Keeping An Old Car Alive

Regular readers may remember that I was concerned about a squeaking noise coming from my car as I drove along. I was going to get it checked, but it went away. I still needed to have it checked, but what with trips back and forth to the Vet with Ollie, and frenzied decluttering at home taking up so much time, I forgot about it.

On Monday, I was going to the supermarket in my car when a new noise appeared.

This time it was a scraping sound much worse than before, and sounded sinister.

By the time I got home with the shopping, the scraping sound had changed to a grinding noise. Time to phone the repair company.

Although my car is 14 years old in June, it has reasonably low mileage for that age, (78,000) is an economical diesel capable of 50 miles to the gallon, and drives very well still. I cannot afford to replace it with anything newer that is remotely similar, with it’s roomy interior, 7-seat option, and 6-speed automatic gearbox.

So I have to keep it alive, by choking back the cost of constant repairs.

I booked a ‘brake check’ at a local company for Wednesday morning. I was up early, and arrived ten minutes before they opened, so my car would be one of the first to be worked on. I sat and waited while they did the check, to save Julie getting up early to collect me and drive me home.

After 45 minutes, the brake specialist came and got me, and took me to where the car was up on a ramp, all 4 wheels off. He showed me the problems.

A failed brake caliper on the back wheel had caused the disc to warp, which would have made the squeaking sound.
The other back wheel was doing all the rear braking, so the disc on that wheel was worn thin.
One pad had worn away completely on one of the front wheels, causing scarring on the disc.
The pads on the other front wheel were still legal, but worn down low.

He offered me various options.

1) Just enough work to make the car legal for now.
2) Replacement of the warped disc, and broken caliper, leaving the other damaged disc for later attention.
3) He could put all the wheels back on and give me back my car with no work done, and no charge for his time.
4) Replace every worn part with a guarantee to replace any new parts he fitted, should they fail within 12 months.

I went with option 4, and returned to the waiting room to read the hardback book I had brought along.

Almost 4 hours later, I had read all but the last chapter of the book. The caliper was not in stock, so there was a delay until it was delivered by a local company.

Then, work completed, he reversed the car outside the reception room, ready to come in and talk to me. As he did so, the glass in the driver’s door mirror fell out onto the tarmac and smashed. I shook my head, but actually smiled.

You couldn’t make it up.

The price for almost 5 hours of work, new brakes all round, and that expensive caliper? £619. ($840)

Or about half of what I could get for it if I sold the car for cash.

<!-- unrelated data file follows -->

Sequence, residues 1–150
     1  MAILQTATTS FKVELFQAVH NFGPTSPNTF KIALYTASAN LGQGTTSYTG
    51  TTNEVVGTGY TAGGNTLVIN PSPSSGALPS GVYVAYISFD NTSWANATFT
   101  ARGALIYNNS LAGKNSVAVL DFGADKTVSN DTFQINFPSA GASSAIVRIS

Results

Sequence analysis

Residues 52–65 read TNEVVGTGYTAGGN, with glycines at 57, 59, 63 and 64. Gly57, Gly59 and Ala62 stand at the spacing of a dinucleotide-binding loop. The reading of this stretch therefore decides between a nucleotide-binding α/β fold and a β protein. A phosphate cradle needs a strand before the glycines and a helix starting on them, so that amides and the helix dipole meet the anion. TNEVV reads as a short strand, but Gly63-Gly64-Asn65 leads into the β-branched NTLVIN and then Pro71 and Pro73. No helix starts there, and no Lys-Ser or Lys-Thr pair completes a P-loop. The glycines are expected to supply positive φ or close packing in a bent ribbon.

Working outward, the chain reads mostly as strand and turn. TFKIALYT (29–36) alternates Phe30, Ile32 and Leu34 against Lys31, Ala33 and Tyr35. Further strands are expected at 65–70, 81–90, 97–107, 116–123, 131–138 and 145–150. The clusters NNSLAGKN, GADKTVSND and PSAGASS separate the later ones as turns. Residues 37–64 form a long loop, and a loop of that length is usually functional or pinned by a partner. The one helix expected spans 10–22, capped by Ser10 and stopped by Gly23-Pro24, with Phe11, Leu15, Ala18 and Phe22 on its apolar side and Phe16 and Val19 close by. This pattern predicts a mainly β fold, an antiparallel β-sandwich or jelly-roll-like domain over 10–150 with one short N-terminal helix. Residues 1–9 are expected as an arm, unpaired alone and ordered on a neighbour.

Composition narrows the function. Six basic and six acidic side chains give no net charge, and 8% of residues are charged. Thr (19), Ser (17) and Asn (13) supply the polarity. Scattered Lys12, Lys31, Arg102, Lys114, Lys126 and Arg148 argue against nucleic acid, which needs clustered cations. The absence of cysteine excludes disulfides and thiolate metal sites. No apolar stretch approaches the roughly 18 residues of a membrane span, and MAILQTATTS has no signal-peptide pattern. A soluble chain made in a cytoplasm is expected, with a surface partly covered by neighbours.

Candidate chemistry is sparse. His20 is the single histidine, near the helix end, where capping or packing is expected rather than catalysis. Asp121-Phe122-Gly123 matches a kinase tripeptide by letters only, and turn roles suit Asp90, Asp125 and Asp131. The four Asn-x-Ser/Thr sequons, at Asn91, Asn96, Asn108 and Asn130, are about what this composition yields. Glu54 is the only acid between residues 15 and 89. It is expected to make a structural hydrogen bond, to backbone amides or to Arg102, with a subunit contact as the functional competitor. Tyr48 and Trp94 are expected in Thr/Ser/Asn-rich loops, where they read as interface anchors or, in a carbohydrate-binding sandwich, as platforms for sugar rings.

As for the mirror glass, I bought one off Ebay for £5. It arrives next week.

76 thoughts on “Keeping An Old Car Alive

    1. When I had new cars in the past I never had to concern myself too much about repairs, as I traded them in before anything happened. Having the same car for so long has been an eye-opener for me, Pete.
      Best wishes, Pete.

      Liked by 1 person

  1. Good luck with your car – may it run for many more miles.
    We’re still happily thinking of our “Old Faithful”, Mary’s F-150 truck which she bought at 76.000 miles, used it with only regular check-ups and minor repairs till it had 212.000 miles on the odometer, and then was still able to sell it for $1.700.

    Liked by 1 person

  2. I would have chosen option 4 too. That sounds like a decent chap who worked on your car? For a horrible moment I thought I was going to read that as the car was backed out someone drove into it! Glad it was only a £5 mirror!

    Liked by 1 person

  3. (1) It’s a good thing you don’t live in a mountainous region. “Honey, are you sure that squeaking noise is coming from a bunch of roadside chipmunks?”
    (2) My old truck has 209,000 miles on the odometer. Considering how much I’ve abused the truck on desert off-roads, it’s amazing it’s still in one piece! (Although that one piece is composed of many parts. Go figure.)
    (3) Option 5: The Thelma & Louise solution.
    (4) “Mirror, mirror on the car, who’s the luckiest bloke by far?” (And the mirror crack’d.)

    Liked by 1 person

  4. I drive a 2007 Honda CRV and have done little to it over the years. My wife’s car is a 2018 CRV and has been in the dealer repair shop 4 times for things that should have never failed. I plan to keep my old buggy going and when the time arrives, will have a memorial service. New cars in the US are hard to come by now, and if you can buy one you pay about 30 percent more. Last year, gasoline was $1.87 in Texas, yesterday, $3.20. The world has gone crazy town.